Moving on to other types of love

If you wish to keep going, there are other types of love, including “ludus,” which is a “playful” type of love, usually expressed between young children, or by adults in their flirtatious stages of a relationship.  There’s also “pragma,” which is a more deep type of love shared by those who are in long-standing relationships (and marriages).  This usually is defined by patience and tolerance for other viewpoints, consciously giving love rather than just wanting to receive it.

Finally, there are two other very important types of love — “agape” and “philautia.”  Agape is defined as a “selfless love.”  It is the love you have not for just one person, but for all people, including those you don’t even know.  C.S. Lewis referred to this as “gift love,” and some Buddhists call it “universal loving kindness.”  This type of can be lacking, especially as we constantly think about ourselves and our own self interests first, before we consider the interests of others.  However, this type of love, where we can look at others as “brothers and sisters” rather than strangers, is so important in us developing that “loving kindness” that can make a huge difference in not only our lives, but in the lives of others.  If we can spend more time practicing this “loving kindness” toward others, and simply be “friendly,” we will notice a huge impact not only on ourselves internally, but externally in our interactions with other people.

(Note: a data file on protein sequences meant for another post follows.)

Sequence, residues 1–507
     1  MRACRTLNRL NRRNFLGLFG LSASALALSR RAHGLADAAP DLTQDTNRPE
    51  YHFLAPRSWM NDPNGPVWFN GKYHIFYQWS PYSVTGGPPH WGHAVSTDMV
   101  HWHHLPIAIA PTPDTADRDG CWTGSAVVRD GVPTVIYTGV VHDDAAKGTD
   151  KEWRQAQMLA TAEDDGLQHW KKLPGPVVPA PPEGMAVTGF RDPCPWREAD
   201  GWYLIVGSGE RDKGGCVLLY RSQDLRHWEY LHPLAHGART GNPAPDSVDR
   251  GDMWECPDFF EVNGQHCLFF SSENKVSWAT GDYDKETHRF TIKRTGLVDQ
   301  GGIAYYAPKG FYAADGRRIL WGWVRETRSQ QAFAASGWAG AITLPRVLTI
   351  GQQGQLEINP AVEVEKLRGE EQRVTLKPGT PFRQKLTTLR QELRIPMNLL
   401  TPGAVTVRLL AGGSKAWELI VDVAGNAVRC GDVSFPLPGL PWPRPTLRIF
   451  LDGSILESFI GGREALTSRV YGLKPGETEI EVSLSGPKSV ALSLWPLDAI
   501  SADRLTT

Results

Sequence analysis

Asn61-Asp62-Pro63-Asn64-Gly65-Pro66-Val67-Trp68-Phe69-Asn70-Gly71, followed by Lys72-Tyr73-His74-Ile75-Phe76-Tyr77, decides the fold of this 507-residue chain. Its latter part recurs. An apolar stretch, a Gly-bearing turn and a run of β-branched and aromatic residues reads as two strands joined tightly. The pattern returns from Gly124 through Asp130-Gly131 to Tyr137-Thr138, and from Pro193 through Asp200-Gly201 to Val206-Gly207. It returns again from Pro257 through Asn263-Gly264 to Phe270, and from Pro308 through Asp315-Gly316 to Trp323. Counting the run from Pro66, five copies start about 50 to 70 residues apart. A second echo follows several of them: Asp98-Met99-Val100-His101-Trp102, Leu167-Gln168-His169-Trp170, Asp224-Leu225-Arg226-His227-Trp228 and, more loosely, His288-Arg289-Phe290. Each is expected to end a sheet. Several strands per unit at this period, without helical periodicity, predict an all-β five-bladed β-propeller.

Love for self

The last type of love is equally important: “philautia.”  Philautia is a love for the self.  While this can be unhealthy if taken too far (narcissism and materialism), it is so beneficial if we keep it in the “healthy” range.  It is so important to love yourself.  If you can come to love yourself, it is so much easier to love others.  In the words of Aristotle, “All friendly feelings for others are an extension of a man’s feelings for himself.”  If we begin with love for ourselves, we can turn to others and extend to them love as well, without expectation of anything in return.

So, when you look at your relationships with those you love, do you love without expectation of reciprocation?  Do you love unconditionally, with a genuine concern for others and their well-being?  Do you respect other people’s points of view?  Can you look at others as brothers and sisters?  Are you genuinely “friendly” to everyone?  And, finally, do you love yourself unconditionally?

It’s not about “right or wrong” when it comes to the type of love we share with others.  It’s about being aware of why we love.  We don’t get anywhere when it’s only ourselves that we care about.  This world cannot become a better place if we don’t care for others, or if we don’t have a genuine desire to help one another.  When we can truly love in kindness and generosity, we can not only transform ourselves, but we can transform the world we live in as well.

 

Photo: https://www.flickr.com/photos/viktor_u/8316230145

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About the Author

Professor of Possibility and Possibility. Innovator. Emotional, Social, and Spiritual Wellness Coach, Speaker, Author. Award-Winning Blogger.